A Most Wanted Man


R.I.P. Philip Seymour Hoffman.

R.I.P. Philip Seymour Hoffman.

(2014) Spy Thriller (Roadside Attractions) Philip Seymour Hoffman, Rachel McAdams, Willem Dafoe, Robin Wright, Daniel Bruhl, Grigoriy Dobrygin, Homayoun Ershadi, Mehdi Dehbi, Nina Hoss, Neil Malik Abdullah, Vicky Krieps, Kostja Ullmann, Franz Hartwig, Martin Wuttke, Rainer Bock, Derya Alabora, Tamer Yigit, Herbert Gronemeyer, Ursina Lardi Directed by Anton Corbijn

 

It is a tricky world out there, complicated and dangerous. These days, being a spy is a lot more than playing baccarat and sipping a superbly made martini and spies aren’t urbane, elegant men in formal wear. They’re more often than not rumpled, middle aged bureaucrat sorts who wouldn’t make an impression on anyone at first glance.

 

Gunther Bachmann (Hoffman) is such a spy. He chain smokes, drinks too much and has a pot belly not well-disguised by his ill-fitting suit. He looks like middle management for some automobile manufacturer – in fact, he is middle management but in a far different vocation. He is part of an anti-terrorist group, a small but dedicated group who monitor potential terrorist activities in Hamburg, a port city in Germany from which Mohammed Atta once organized the events of 9-11.

 

Since then, German intelligence has kept a close eye on what’s going on in the city as have their counterparts in the CIA. While Gunther’s group operates in a quasi-legal state, able to break German law with a certain amount of impunity, Dieter Mohr (Bock), the local station chief, is more of a by-the-book sort who has a bureaucrat’s soul and  the keen political sense of a born game player. Naturally he and Gunther clash repeatedly, Dieter disdaining the cowboy tactics of Gunther and Gunther less than forgiving of Dieter’s lack of field experience and political gamesmanship.

 

Into this highly volatile environment comes Issa Karpov (Dobrygin), a half-Russian half-Chechen man who has escaped Russian prison and entered Germany illegally. The Russians have branded him a terrorist, but Gunther sees him as a means to an end. He could be just what the Russians say he is, or the innocent victim of overzealous Russian hatred for Chechens in general. Gunther really doesn’t care which. He sees him as an opportunity to get to bigger fish in the pond, particularly Dr. Abdullah (Ershadi), a spokesman for Arabic charities who may actually be raising money for terrorist organizations while decrying terrorist activities publicly.

 

Karpov contacts Annabel Richter (McAdams), a lawyer who specializes in immigration issues. He needs to get in touch with banker Tommy Brue (Dafoe) for reasons that are his own. Gunther, a manipulative and sometimes cruel man, knows that he needs to make Annabel and Tommy his operatives and he will stop at nothing to do it, be it blackmail, kidnapping and intimidation, or even death threats. Whatever it takes.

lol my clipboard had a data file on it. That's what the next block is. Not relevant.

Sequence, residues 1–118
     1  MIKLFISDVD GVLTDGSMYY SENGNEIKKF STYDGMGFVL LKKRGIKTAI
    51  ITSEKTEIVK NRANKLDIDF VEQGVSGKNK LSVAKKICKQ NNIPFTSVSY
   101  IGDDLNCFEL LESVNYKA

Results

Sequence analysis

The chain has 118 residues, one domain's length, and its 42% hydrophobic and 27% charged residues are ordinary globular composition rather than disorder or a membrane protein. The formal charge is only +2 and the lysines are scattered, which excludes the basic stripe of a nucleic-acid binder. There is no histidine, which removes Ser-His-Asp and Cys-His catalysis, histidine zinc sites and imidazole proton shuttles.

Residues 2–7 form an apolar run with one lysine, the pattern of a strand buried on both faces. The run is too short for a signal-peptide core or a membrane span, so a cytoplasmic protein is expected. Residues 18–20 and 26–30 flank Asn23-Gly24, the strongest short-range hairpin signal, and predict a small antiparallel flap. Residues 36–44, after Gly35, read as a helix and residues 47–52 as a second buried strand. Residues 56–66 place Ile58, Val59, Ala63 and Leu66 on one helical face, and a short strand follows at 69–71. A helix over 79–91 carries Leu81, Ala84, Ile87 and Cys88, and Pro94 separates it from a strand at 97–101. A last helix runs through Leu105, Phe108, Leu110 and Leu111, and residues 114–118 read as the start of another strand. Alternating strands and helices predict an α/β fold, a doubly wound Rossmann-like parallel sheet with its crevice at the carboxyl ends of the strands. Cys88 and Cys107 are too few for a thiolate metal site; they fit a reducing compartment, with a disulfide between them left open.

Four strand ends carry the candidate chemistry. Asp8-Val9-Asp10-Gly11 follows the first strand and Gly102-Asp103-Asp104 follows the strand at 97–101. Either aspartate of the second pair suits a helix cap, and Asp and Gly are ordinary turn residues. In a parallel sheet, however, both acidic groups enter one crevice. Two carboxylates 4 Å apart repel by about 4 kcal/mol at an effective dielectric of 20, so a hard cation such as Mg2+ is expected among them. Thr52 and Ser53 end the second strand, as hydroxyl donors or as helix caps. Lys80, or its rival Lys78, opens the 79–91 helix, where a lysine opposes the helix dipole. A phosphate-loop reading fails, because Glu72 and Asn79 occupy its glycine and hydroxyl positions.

But there are games within games, with a U.S. Embassy official (Wright) who may or may not be a CIA operative and who may or may not be Gunther’s ally. Gunther and his team are walking a fine line and with Mohr breathing down his neck he may not make it out of this one unscathed.

 

This is based on a recent John Le Carre novel (the acclaimed author is also a producer on the project) and like most Le Carre works, this is more of a gritty look at the world of espionage rather than the gloss and glamour of the James Bond series. Anton Corbijn, whose last film was The American which is similarly themed, is the perfect choice to sit in the director’s chair. Like the work of Le Carre, that film is complex and tense with characters whose motivations are maddeningly unclear. In other words, probably a more realistic look at the intelligence business.

This is the last leading role that Hoffman would complete before his untimely passing earlier this year and thankfully, it’s a good one. Gunther is world-weary, tired of the constant betrayal and backstabbing which on occasion has cost him the lives of his colleagues. The only people he truly trusts are on his team and one suspects, he isn’t 100% certain about them either. He is a master manipulator but he can also have his own buttons pushed. Near the end, you hear Hoffman wheezing as he breathes – whether that was an indication of the actor’s ill health or if he was capturing the out of shape frustration and passion of Gunther as things come to a head we’ll probably ever know.

McAdams is a good actress in her own right, but she is hidden behind a German accent whose authenticity varies. Dafoe and Bruhl are also fine actors but neither has a whole lot to do. Wright makes a fine foil for Hoffman, cool and terribly overbearing who clearly has little respect for Gunther and European intelligence in general.

 

In fact, this has a much more European outlook on modern espionage and intelligence. Le Carre generally had a fairly cynical outlook towards the benevolence of the CIA and often made them either incompetent or villainous in his books. There is often a moral complexity to his work which requires a lot more patience than American audiences tend to be comfortable with.

And therein lies the rub. American audiences are not tailor made for the kind of pacing and complexity that comes with the best of Le Carre’s work. There is no easy way to put it – we Americans tend to have a very finite attention span and we require stimulation nearly non-stop. That’s what years of video games will do to you.

Cinematographer Benoit Delhomme does a great job of making Hamburg a character in the movie. She’s dingy, gritty and a little bit disreputable here – we see the seedy underbelly of a town that already has a rough reputation to begin with. We get that palpable sense of danger and dissatisfaction.

I found this movie to work on a lot of levels, particularly in regards to Hoffman’s performance which has an outside shot of netting him a posthumous Oscar. Roadside Attractions, the art house arm of Lionsgate, has a few Oscar nominations to its credit so it isn’t out of the realm of possibility. I found the middle of the movie to be a bit tough sledding, but nevertheless this is a fitting send off to one of the best actors of his generation who left us too soon.

REASONS TO GO: Stand-out performance  by Hoffman. Nice tension. Hamburg used as a character in the film.